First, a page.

Ariella Azoulay, The Civil Contract of Photography (New York: Zone Books, 2008), 99. See also: Judith Butler, Frames of War: When Is Life Grievable (London: Verso Books, 2016).
During the second half of the twentieth century, international human- and civil-rights-centered programs distributed photographers and cameras to areas prone to disaster – any weapons-related or human rights-related disasters – to better control the photographic gaze, to control the story. The United States Army, for its part, sent photographers to Hiroshima to document and measure the destruction caused by the first atomic bomb’s deployment. Photographs, in this case, are data and evidence for testing, and not, until recently, material advocates for airing grievances in the face of crisis and in the service of crisis management. The resultant archive and access to that archive is critical in revealing information about the nuclear condition and constructing a body of knowledge with which to rectify decades of secrecy and obfuscation that culminated in acts of violence against communities and against the body.
 The spatial humanities (SH) is a subdiscipline that yokes data with cultural issues specific to time and place using geographic information systems (GIS) and timelines. Deep mapping takes into account material, discursive, and GIS data and its relation to specific sites.
Accumulation of evidence into an archive or exhibition makes injury a discursive object, which lends it “discursive visibility.” Kavanagh’s collection of images, objects, artifacts, and methodical attention to tourists is an archive of nuclear violence that she brings into the public sphere through her photographic, artistic, archival, and research-based practice. Atomic Tourist represents a “deep mapping” of the Trinity Site, a concept borrowed from the spatial humanities that interlaces the disciplines of biography, history, narrative, archaeology, geology, and science, as well as self-guiding intuition. The practice of deep mapping, when brought together with her own practices, overlays personal perceptions and interpretations of space on the site’s existing discourses in what Kavanagh terms “discursive strata.”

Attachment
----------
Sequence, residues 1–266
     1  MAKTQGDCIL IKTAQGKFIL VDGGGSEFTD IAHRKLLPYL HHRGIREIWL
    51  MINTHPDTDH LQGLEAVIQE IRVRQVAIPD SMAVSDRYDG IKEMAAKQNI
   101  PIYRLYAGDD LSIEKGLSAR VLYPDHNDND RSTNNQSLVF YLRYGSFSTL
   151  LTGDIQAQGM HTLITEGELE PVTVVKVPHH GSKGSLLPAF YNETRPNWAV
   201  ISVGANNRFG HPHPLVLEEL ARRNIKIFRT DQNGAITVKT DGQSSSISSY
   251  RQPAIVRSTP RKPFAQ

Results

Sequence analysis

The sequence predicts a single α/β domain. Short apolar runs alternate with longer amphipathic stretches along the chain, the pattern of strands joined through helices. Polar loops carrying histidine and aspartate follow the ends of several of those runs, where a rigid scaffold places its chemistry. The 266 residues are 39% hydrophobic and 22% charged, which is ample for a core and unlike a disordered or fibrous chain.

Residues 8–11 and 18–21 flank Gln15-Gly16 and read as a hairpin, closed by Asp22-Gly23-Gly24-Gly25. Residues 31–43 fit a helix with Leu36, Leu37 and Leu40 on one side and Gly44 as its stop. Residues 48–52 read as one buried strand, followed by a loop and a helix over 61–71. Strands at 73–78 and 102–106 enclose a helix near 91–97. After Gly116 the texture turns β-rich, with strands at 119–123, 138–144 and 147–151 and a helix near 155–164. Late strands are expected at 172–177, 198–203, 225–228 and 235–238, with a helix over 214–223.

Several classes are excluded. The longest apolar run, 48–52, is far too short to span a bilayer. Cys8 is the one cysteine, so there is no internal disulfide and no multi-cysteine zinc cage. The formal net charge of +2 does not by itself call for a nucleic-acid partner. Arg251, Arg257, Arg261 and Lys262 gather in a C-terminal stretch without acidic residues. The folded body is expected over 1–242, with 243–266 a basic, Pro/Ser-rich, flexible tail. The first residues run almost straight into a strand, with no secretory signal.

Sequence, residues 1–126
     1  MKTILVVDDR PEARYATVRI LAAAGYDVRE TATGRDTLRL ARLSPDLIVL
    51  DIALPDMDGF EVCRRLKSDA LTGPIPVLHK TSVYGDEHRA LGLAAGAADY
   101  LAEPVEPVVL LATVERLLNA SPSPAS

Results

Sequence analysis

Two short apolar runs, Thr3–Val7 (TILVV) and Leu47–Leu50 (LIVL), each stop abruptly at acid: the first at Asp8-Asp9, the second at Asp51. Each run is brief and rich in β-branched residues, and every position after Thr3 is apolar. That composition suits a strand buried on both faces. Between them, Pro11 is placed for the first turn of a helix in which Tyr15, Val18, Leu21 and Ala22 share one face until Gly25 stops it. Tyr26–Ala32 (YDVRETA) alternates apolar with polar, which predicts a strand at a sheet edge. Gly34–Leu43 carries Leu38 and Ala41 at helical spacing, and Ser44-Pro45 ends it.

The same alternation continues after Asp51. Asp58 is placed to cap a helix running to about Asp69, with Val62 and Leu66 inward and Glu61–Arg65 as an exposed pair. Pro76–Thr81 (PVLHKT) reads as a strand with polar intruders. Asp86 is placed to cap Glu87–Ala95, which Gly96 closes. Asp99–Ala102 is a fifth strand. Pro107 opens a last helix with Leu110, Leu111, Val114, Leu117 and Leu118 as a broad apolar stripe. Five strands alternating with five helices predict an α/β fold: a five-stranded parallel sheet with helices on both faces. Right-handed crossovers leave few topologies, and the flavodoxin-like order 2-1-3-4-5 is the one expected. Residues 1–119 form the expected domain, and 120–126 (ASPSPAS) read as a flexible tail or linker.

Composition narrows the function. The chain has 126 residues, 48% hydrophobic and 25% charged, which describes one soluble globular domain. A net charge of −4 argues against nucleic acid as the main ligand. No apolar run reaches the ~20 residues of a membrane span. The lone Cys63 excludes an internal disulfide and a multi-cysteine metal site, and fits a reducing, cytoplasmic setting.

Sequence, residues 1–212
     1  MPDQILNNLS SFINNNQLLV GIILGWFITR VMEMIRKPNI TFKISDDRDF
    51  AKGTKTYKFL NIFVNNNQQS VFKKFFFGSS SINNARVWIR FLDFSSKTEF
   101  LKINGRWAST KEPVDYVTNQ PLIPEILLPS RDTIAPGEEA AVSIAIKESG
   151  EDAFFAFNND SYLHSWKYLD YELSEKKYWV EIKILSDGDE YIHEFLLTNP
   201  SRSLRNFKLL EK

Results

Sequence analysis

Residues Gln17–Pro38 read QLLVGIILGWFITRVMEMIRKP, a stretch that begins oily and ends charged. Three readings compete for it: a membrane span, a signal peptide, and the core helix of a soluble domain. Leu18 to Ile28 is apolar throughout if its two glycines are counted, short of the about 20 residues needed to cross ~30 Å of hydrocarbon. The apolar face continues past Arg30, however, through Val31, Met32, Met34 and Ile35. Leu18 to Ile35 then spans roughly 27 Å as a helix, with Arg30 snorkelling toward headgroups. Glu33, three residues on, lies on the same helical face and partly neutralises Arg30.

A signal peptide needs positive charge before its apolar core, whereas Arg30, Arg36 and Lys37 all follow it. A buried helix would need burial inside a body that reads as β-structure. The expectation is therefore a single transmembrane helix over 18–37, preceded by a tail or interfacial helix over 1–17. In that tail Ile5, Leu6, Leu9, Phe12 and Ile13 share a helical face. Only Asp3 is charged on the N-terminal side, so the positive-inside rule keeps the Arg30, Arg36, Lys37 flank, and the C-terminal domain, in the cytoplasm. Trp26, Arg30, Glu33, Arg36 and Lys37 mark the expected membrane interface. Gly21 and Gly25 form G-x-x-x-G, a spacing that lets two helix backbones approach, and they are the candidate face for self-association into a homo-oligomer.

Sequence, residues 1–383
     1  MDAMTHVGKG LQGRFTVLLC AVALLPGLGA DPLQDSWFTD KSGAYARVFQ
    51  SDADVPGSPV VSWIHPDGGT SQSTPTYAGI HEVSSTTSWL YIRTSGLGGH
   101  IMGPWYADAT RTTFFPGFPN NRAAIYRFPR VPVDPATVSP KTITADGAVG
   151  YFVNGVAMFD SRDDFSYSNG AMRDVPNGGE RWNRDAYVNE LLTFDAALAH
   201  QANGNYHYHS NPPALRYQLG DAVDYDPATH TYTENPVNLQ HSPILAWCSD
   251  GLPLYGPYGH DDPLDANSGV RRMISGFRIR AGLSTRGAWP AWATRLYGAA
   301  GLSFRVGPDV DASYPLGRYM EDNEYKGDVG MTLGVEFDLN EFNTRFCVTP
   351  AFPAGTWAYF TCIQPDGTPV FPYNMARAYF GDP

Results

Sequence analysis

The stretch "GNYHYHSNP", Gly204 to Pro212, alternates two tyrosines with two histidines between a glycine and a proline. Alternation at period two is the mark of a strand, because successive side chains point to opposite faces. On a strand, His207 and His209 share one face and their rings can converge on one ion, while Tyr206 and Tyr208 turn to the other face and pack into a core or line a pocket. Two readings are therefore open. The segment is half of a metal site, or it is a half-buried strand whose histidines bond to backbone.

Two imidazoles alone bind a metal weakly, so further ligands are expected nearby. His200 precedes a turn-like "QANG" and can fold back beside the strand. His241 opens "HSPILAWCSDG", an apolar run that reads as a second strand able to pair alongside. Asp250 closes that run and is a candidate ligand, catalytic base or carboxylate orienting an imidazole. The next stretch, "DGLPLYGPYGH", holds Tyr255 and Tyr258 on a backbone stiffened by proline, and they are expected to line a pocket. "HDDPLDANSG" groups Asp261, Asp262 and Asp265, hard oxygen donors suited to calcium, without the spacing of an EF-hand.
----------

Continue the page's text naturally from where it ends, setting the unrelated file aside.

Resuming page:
More on photography’s discursive spaces, see Rosalind Krauss, “Photography’s Discursive Spaces: Landscape/View,” in Art Journal 24, no. 4 (Winter 1982): 311–319.
The “discursive strata” of the Trinity Site is not just the piece of land or the monument erected on top of it. It is the interweaving of geography, historical events, histories, and collective memories. It incorporates the visitors, groundskeepers, open-house organizers, displaced peoples, and military personnel. Discursive strata entangle transformations. Chemical transformations (e.g., Trinitite, the residual green and red glass formed when the heat from the blast met the gypsum sand), entangle with emotional and ecological transformations. These transformations include the built structures and operations of the test, its accompanying organizations, bureaucracies, and militarization, and the site’s communities of scientists, historians, and families. Discursive strata also engage intellectual and scientific pursuits and their resulting discussions, studies, and publications within, for example, a sub-discipline like post-atomic studies. The framed archive, itself another intercalary fold within these overlaying experiences, explores how Kavanagh’s photographic and research-creation is a civic performance, wherein the visitors, photographer, and audience are participants in the discourses specific to this site. In interviewing visitors, she perpetuates the discourse of the site, and as she has said, “feminist imperative to constellate the narrative,” she has said, beyond military culture and affect, economics, rationalizations, and ethics.